knowledge of the subject so try to write accordingly.
In addition, unlike a scientific study which deals with facts, a case study is based on opinion and is very
much designed to provoke reasoned debate. There really is no right or wrong answer in a case study.
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The Case Study as a Research Method
Uses and Users of Information -- LIS 391D.1 -- Spring 1997
Case study research excels at bringing us to an understanding of a complex issue or object and can extend
experience or add strength to what is already known through previous research. Case studies emphasize detailed
contextual analysis of a limited number of events or conditions and their relationships. Researchers have used
the case study research method for many years across a variety of disciplines. Social scientists, in particular, have
made wide use of this qualitative research method to examine contemporary real-life situations and provide the
basis for the application of ideas and extension of methods. Researcher Robert K. Yin defines the case study
research method as an empirical inquiry that investigates a contemporary phenomenon within its real-life
context; when the boundaries between phenomenon and context are not clearly evident; and in which multiple
sources of evidence are used (Yin, 1984, p. 23).
Critics of the case study method believe that the study of a small number of cases can offer no grounds
for establishing reliability or generality of findings. Others feel that the intense exposure to study of the
case biases the findings. Some dismiss case study research as useful only as an exploratory tool. Yet
researchers continue to use the case study research method with success in carefully planned and crafted
studies of real-life situations, issues, and problems. Reports on case studies from many disciplines are
widely available in the literature.
This paper explains how to use the case study method and then applies the method to an example case
study project designed to examine how one set of users, non-profit organizations, make use of an
electronic community network. The study examines the issue of whether or not the electronic community
network is beneficial in some way to non-profit organizations and what those benefits might be.
Many well-known case study researchers such as Robert E. Stake, Helen Simons, and Robert K. Yin
have written about case study research and suggested techniques for organizing and conducting the
research successfully. This introduction to case study research draws upon their work and proposes six
steps that should be used:
Determine and define the research questions
Select the cases and determine data gathering and analysis techniques
Prepare to collect the data
Collect data in the field
Evaluate and analyze the data
Prepare the report
Step 1. Determine and Define the Research Questions
The first step in case study research is to establish a firm research focus to which the researcher can refer
over the course of study of a complex phenomenon or object. The researcher establishes the focus of the
study by forming questions about the situation or problem to be studied and determining a purpose for the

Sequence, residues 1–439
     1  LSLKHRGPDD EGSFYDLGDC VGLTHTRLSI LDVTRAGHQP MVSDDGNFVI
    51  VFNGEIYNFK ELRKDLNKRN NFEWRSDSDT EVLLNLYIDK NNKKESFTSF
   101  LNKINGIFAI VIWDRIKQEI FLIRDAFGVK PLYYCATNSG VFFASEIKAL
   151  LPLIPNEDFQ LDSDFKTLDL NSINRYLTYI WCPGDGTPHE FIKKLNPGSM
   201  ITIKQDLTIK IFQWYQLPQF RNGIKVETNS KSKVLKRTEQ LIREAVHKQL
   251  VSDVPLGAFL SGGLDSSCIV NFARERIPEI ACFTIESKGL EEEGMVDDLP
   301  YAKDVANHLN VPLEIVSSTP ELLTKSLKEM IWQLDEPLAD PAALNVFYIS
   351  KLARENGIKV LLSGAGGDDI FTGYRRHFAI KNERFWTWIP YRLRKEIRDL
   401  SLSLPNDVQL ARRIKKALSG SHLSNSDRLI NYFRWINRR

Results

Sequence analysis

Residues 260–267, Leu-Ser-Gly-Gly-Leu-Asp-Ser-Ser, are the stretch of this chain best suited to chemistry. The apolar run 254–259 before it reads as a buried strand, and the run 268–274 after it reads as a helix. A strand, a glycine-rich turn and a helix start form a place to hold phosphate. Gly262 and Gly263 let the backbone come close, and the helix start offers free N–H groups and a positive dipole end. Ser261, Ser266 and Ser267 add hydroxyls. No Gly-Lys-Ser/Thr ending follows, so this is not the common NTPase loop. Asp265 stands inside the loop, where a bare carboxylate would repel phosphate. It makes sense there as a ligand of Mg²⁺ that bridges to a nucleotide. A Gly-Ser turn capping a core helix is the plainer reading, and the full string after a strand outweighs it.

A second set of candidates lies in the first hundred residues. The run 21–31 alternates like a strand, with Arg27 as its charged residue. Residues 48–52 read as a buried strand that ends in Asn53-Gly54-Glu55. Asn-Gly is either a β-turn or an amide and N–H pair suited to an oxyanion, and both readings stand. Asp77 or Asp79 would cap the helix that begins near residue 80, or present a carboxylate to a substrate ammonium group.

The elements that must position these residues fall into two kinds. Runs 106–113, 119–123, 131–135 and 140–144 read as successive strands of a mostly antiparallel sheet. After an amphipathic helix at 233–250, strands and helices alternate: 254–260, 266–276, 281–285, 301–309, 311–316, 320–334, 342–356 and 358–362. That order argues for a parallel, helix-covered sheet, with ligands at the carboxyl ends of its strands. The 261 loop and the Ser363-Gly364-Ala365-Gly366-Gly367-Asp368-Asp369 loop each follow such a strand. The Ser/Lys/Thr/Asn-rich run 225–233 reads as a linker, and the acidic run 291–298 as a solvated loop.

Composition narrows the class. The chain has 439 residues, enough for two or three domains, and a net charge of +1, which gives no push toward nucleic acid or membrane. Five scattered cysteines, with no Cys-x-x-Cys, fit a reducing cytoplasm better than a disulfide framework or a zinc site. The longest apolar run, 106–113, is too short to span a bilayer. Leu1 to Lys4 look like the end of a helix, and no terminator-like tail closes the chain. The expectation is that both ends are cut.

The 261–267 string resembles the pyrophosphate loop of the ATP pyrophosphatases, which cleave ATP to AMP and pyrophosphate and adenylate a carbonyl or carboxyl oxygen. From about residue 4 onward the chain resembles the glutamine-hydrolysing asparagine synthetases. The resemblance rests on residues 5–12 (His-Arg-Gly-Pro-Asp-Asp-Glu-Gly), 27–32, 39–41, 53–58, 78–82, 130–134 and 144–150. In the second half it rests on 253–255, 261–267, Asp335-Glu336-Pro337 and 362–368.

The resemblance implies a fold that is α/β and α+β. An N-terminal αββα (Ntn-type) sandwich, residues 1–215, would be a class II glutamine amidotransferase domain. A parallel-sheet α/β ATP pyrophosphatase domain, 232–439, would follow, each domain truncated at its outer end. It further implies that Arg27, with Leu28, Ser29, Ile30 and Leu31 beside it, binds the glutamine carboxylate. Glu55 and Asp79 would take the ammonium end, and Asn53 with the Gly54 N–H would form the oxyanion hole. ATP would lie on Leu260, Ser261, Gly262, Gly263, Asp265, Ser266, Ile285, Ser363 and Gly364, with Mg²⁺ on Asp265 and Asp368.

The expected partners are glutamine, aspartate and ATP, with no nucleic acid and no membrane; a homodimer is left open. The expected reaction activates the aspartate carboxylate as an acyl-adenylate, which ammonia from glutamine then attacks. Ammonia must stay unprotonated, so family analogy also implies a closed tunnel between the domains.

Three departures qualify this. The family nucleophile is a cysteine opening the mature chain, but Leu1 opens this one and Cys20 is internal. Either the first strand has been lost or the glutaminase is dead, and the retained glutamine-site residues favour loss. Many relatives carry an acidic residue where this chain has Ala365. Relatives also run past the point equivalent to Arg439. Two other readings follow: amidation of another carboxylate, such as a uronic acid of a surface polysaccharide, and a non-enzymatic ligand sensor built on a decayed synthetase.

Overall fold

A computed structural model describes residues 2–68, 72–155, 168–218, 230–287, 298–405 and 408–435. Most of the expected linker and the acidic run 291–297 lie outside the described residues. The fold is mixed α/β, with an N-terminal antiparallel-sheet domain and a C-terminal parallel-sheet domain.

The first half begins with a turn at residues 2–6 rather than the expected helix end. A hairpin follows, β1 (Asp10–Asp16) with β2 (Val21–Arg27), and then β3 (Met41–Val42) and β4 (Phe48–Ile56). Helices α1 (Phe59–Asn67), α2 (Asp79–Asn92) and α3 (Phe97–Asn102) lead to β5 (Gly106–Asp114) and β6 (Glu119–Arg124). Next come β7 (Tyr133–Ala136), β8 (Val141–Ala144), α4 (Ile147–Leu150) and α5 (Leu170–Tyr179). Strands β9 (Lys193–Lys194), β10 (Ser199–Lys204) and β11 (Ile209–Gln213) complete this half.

study. The research object in a case study is often a program, an entity, a person, or a group of people.
Each object is likely to be intricately connected to political, social, historical, and personal issues,
providing wide ranging possibilities for questions and adding complexity to the case study. The
researcher investigates the object of the case study in depth using a variety of data gathering methods to
produce evidence that leads to understanding of the case and answers the research questions.
Case study research generally answers one or more questions which begin with "how" or "why." The
questions are targeted to a limited number of events or conditions and their inter-relationships. To assist
in targeting and formulating the questions, researchers conduct a literature review. This review
establishes what research has been previously conducted and leads to refined, insightful questions about
the problem. Careful definition of the questions at the start pinpoints where to look for evidence and
helps determine the methods of analysis to be used in the study. The literature review, definition of the
purpose of the case study, and early determination of the potential audience for the final report guide how
the study will be designed, conducted, and publicly reported.
Step 2. Select the Cases and Determine Data Gathering and Analysis Techniques
During the design phase of case study research, the researcher determines what approaches to use in
selecting single or multiple real-life cases to examine in depth and which instruments and data gathering
approaches to use. When using multiple cases, each case is treated as a single case. Each case�s
conclusions can then be used as information contributing to the whole study, but each case remains a
single case. Exemplary case studies carefully select cases and carefully examine the choices available
from among many research tools available in order to increase the validity of the study. Careful
discrimination at the point of selection also helps erect boundaries around the case.
The researcher must determine whether to study cases which are unique in some way or cases which are
considered typical and may also select cases to represent a variety of geographic regions, a variety of size
parameters, or other parameters. A useful step in the selection process is to repeatedly refer back to the
purpose of the study in order to focus attention on where to look for cases and evidence that will satisfy